Protecting Noncompete Agreements
The FTC's Proposed Ban on Noncompete Agreements Harms Manufacturers
New Survey: Impact of Ban on Noncompete AgreementsREAD
What’s Going On
The challenge: On Jan. 19, the Federal Trade Commission (FTC) formally proposed a rule that would prohibit employers from imposing noncompete agreements on workers, incorrectly stating that such agreements result in lower wages for all workers. While noncompete agreements are only used with a small percentage of workers, they are a critical tool for protecting manufacturers’ intellectual property. By banning noncompete agreements, the FTC effectively provides open access to highly important details of a company’s most sophisticated processes and strategies.
What we’re doing about it: The NAM is exploring all possible avenues, including congressional oversight and litigation, to oppose and mitigate the impacts of the proposed ban on all noncompete agreements. We are currently requesting that the current proposal be withdrawn until the FTC can propose a more tailored approach that allows for sensible exemptions.
Following feedback from manufacturers that the FTC’s proposed rule would significantly affect their business and workforce, the NAM conducted a survey on the effects that the ban on noncompete agreements would have on manufacturers. Below is a quick summary of the survey’s findings.
- 70% of Manufacturers Use Noncompetes: Approximately 70% of respondents use noncompete agreements, and the FTC’s proposed rule would ban noncompetes.
- Noncompetes Are Vital to Protecting Manufacturers’ Intellectual Property: Respondents stated that their top priorities that they protect under noncompete agreements are intellectual property (~93%), sales information (~87%), industrial processes (~72%) and business strategy (~52%).
- Key Personnel Exist at All Levels: The top positions covered under noncompete agreements are senior managers (~85%), sales employees (~75%) and engineers (~65%).
- Banning Noncompetes Will Hurt Manufacturers: The FTC’s ban of noncompete agreements would cause a disruption to approximately 66% of manufacturers. That breakdown shows that 29% of respondents would experience “moderate” effects, with another 22% and approximately 15% seeing significant and very significant effects, respectively.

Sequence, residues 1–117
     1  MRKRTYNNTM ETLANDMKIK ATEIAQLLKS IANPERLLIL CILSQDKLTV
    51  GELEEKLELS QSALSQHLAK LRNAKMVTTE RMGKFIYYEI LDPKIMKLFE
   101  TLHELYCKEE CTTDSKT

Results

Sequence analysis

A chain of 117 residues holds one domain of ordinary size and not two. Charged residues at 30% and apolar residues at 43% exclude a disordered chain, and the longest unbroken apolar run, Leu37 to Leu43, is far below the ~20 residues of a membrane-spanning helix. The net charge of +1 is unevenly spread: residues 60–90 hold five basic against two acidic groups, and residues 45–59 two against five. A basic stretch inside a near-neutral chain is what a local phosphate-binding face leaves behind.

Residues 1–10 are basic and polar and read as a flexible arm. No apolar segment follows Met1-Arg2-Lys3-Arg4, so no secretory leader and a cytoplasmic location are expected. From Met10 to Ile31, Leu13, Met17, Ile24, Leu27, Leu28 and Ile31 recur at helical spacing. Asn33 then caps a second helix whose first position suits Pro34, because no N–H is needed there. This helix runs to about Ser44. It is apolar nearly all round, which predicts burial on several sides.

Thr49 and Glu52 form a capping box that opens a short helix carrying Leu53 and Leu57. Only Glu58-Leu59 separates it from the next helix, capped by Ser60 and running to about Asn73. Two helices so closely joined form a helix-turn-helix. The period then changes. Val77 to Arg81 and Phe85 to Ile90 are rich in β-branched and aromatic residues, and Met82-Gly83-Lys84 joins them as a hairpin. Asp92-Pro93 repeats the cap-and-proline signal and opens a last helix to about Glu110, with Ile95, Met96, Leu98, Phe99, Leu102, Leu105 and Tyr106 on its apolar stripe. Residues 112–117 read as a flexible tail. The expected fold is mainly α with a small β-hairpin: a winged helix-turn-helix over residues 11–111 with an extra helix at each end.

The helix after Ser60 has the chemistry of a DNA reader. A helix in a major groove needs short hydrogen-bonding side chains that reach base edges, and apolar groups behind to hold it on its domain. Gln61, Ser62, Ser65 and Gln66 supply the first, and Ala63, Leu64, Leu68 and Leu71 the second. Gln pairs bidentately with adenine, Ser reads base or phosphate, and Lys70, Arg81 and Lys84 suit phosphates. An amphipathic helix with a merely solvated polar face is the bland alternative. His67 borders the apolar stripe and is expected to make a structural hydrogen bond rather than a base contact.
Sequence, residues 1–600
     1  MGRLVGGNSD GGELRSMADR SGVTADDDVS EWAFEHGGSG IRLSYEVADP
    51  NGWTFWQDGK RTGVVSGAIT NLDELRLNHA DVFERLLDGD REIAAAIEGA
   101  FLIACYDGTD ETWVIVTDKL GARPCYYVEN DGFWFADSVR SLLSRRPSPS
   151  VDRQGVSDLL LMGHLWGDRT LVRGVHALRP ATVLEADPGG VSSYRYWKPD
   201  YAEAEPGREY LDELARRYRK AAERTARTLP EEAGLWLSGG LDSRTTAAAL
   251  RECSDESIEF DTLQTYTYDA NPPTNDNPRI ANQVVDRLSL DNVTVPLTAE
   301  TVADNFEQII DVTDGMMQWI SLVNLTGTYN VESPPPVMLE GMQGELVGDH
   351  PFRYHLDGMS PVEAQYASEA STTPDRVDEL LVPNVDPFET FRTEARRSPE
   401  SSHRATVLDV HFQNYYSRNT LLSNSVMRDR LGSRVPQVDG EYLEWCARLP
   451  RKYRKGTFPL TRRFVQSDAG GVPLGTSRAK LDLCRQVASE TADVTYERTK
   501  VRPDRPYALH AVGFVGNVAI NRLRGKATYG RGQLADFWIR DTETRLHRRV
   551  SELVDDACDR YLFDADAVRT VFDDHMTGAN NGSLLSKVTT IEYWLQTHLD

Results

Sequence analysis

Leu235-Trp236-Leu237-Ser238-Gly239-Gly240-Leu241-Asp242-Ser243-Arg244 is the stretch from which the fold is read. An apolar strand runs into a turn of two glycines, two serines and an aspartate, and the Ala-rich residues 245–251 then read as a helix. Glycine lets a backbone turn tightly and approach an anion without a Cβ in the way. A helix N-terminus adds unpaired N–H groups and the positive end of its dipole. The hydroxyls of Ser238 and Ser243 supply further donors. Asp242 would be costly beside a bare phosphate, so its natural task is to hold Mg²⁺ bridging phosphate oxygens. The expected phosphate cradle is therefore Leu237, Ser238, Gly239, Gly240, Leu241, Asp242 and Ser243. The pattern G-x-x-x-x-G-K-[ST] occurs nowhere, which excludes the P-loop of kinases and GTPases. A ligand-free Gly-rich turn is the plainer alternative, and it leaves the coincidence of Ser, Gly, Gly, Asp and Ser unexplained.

- Noncompetes Are Used Responsibly and as Needed: Approximately 89% of respondents tailor their noncompete agreements to last from six months to two years. Around 51% of respondents stated that they use them for more than one year and no more than two years. Another 38% stated that they use them for six months to one year.
- A Ban Will Affect All Manufacturers: This issue affects large manufacturers and small and medium-sized manufacturers alike, with 51% of respondents representing large manufacturers and 49% representing SMMs.
- A Noncompete Ban Would Harm Future Training and Investment in Employees: Around half of manufacturers said that noncompete agreements affect their investment in training or related programs.
From the NAM Newsroom
Don’t miss the latest news and insights from the NAM newsroom and the media on manufacturers’ work to oppose the FTC’s proposed rule and protect our competitiveness.
Below are quick links to our most recent news pieces and stories related to the NAM’s advocacy on the issue.
The NAM is opposing the FTC's proposed ban on all noncompete agreements, pushing back on a move that would harm manufacturers.
The NAM is urging the Federal Trade Commission to extend the comment period on its recently proposed rule to ban noncompete agreements.
Become an NAM Ambassador
Become a leading voice on this issue and let the NAM help elevate your company’s advocacy in our collective effort to oppose and mitigate the impacts of the FTC’s proposed ban on all noncompete agreement.